Now find out more.
Use the following to expand your understanding about the topic you have selected. These resources include pro/con and additional resources, including links to scholarly sources.
Most topics are researchable, even if it is unusual or specialized in a discipline. Before you begin searching, consider some of these aspects of your topic--which will help you refine and narrow (or broaden) it.
1. Geographic specificity can be challenging. Instead of a specific location, such as Detroit or Michigan, try larger geographic terms, such as urban, rural, midwest, developing countries, developed nations, failed states, post-colonial, etc. or larger geographic regions such as MENA or groups like the European Union. You can interpret and apply broader research findings to your topic--that is your role as the researcher and writer.
2. Consider your population--are you looking at gender, race, age, ethnicity, immigrants, refugees? Adding a word that describes your population to your keyword search can help narrow.
3. Are you considering socioeconomic factors, such as wealth, poverty, income distribution, universal income, etc. Again, adding a socioeconomic keyword to your search can help narrow your results.
Also consider doing a broad search in a database, and using the subject headings to find sub-topics and narrow your topic.
Go Big! Use Summon
Are you still trying to narrow your focus? Do you like to "see it all" before you narrow things down? Use Summon to search almost all of the library's full-text at one time, and use the filters to narrow.
Use the Summon link at the top right navigation menu of this webpage to get started.
Be Focused! Use a Disciplinary Database
Use the Research Guides or the Article Databases link to find a library database the focuses in on your topic or discipline.
Expand your search
Articles and other information sources you find will cite other sources that influenced the ideas presented. Find those articles using a search tool like Google Scholar. Make sure you use the Google Scholar link on this or any other library page so you will have access to the resources we subscribe to.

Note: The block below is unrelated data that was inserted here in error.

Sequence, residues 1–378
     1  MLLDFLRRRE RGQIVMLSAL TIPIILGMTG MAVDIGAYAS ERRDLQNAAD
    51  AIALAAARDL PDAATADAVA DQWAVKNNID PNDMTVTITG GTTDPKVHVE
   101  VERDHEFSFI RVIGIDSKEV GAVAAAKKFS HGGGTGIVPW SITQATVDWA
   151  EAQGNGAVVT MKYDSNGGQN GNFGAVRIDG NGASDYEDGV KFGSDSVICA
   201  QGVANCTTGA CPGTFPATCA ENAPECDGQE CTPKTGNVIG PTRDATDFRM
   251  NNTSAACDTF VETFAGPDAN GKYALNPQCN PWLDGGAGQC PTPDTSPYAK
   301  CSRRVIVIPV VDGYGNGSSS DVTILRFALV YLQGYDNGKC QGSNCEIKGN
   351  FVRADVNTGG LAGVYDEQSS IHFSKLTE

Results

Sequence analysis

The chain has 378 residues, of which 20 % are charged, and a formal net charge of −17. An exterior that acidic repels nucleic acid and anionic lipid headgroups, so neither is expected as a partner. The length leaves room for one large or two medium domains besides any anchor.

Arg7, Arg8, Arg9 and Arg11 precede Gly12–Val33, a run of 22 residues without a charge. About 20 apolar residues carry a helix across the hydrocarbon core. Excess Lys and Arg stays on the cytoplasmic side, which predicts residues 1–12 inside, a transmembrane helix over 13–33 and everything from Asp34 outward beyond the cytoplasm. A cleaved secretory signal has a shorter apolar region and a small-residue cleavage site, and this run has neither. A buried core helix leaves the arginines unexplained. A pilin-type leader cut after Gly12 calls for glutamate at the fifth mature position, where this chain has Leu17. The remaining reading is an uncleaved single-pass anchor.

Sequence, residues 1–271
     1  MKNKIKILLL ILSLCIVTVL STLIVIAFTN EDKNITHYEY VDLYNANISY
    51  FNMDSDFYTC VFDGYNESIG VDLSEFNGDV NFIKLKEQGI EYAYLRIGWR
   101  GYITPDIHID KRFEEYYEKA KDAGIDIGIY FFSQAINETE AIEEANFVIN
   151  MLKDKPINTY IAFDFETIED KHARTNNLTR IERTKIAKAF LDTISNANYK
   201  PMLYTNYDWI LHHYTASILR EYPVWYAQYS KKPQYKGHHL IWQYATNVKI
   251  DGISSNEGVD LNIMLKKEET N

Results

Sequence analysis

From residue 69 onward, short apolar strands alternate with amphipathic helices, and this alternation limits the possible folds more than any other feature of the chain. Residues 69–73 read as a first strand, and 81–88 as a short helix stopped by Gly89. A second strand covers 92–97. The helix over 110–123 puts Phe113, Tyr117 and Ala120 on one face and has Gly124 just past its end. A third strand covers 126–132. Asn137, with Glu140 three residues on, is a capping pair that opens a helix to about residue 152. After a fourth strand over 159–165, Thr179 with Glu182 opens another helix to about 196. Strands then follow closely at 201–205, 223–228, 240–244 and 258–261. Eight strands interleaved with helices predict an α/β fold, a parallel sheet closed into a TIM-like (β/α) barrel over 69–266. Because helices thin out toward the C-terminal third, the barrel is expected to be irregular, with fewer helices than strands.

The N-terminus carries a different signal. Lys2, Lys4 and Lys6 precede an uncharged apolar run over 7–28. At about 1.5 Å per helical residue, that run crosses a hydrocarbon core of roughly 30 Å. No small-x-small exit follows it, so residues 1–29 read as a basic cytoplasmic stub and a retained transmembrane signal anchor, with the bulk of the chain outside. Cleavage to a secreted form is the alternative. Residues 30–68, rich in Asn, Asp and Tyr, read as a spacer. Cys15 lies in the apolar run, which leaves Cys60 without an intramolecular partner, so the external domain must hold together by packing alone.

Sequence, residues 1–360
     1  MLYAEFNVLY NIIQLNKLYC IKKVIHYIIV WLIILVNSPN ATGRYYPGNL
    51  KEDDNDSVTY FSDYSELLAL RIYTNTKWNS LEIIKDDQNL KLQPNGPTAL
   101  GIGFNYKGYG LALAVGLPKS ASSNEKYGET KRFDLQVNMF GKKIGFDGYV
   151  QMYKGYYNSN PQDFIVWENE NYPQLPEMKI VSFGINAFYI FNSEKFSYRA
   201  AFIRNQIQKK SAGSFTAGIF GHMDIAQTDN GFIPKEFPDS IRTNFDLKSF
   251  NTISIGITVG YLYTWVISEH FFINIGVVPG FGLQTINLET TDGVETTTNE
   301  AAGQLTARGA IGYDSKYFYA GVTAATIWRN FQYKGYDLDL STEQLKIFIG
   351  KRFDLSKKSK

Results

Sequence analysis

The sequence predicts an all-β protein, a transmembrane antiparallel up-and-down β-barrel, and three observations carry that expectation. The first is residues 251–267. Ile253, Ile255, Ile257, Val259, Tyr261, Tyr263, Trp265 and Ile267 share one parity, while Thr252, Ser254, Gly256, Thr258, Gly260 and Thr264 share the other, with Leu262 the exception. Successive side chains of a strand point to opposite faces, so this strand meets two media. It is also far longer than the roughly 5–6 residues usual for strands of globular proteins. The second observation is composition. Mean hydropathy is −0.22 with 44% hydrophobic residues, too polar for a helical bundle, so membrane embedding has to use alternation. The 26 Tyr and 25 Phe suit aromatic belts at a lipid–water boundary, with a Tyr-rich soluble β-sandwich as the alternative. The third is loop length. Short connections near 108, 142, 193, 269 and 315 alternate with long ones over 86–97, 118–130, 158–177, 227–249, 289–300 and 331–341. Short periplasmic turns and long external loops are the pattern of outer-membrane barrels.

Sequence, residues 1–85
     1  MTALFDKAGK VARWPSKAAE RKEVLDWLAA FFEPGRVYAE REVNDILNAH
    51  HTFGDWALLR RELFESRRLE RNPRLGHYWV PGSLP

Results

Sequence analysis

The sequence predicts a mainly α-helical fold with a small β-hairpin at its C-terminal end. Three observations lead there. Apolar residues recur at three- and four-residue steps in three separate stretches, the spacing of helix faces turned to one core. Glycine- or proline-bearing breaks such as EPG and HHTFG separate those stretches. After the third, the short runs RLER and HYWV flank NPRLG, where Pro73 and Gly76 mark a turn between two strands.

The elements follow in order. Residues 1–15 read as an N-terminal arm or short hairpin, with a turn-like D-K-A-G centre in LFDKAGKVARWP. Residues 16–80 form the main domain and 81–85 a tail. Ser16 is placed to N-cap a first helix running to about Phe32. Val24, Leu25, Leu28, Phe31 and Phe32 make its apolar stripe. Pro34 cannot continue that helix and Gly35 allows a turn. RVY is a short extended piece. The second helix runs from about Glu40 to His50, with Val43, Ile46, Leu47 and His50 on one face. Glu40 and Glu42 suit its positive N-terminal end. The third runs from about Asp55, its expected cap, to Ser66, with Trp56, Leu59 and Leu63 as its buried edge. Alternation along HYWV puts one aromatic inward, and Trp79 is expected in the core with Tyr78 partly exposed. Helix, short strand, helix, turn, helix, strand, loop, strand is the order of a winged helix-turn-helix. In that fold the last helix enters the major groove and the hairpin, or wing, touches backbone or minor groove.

Finding reliable and credible sources to support your ideas and observations lends authority to your report.
What do these words mean when you are selecting a source?
A reliable source can demonstrate that it is consistently good in quality or performance. The peer-review process is intended to provide consistency in quality, which is why you are asked to find peer-reviewed research articles from scholarly journals. Publications or websites that have a long history of publication, a full description of who they are on their "About Us" page, can help support the reliability of a source. Authors who have credentials or training in a field or discipline, and regularly publish in recognized sources, may also be considered "reliable". If you use information from the web or popular sources like magazines, you should "google" the author's name to see if you can find this kind of information about them. Sometimes the author's name has a link that leads to more information about them.
Credible is defined by Merriam Webster as "offering reasonable grounds for being believed". Credible sources should provide reliable evidence for their assertations, and all sources should be noted or linked. Statistics, graphs, and charts should lead to the original source. Any bias or point-of-view would be explicitly stated. The source providing the information (website organization, publisher, etc.) should provide a full description of themselves. Credible articles should at the very least provide an author and date of the information, and you should always get more information about the author's reliability to help establish their credibility. Peer-reviewed publication requirements, such as providing citations for any sources used, and valid statistical analysis of any data, help establish their credibility.
This short video will help you consider the components of credibility when judging a source.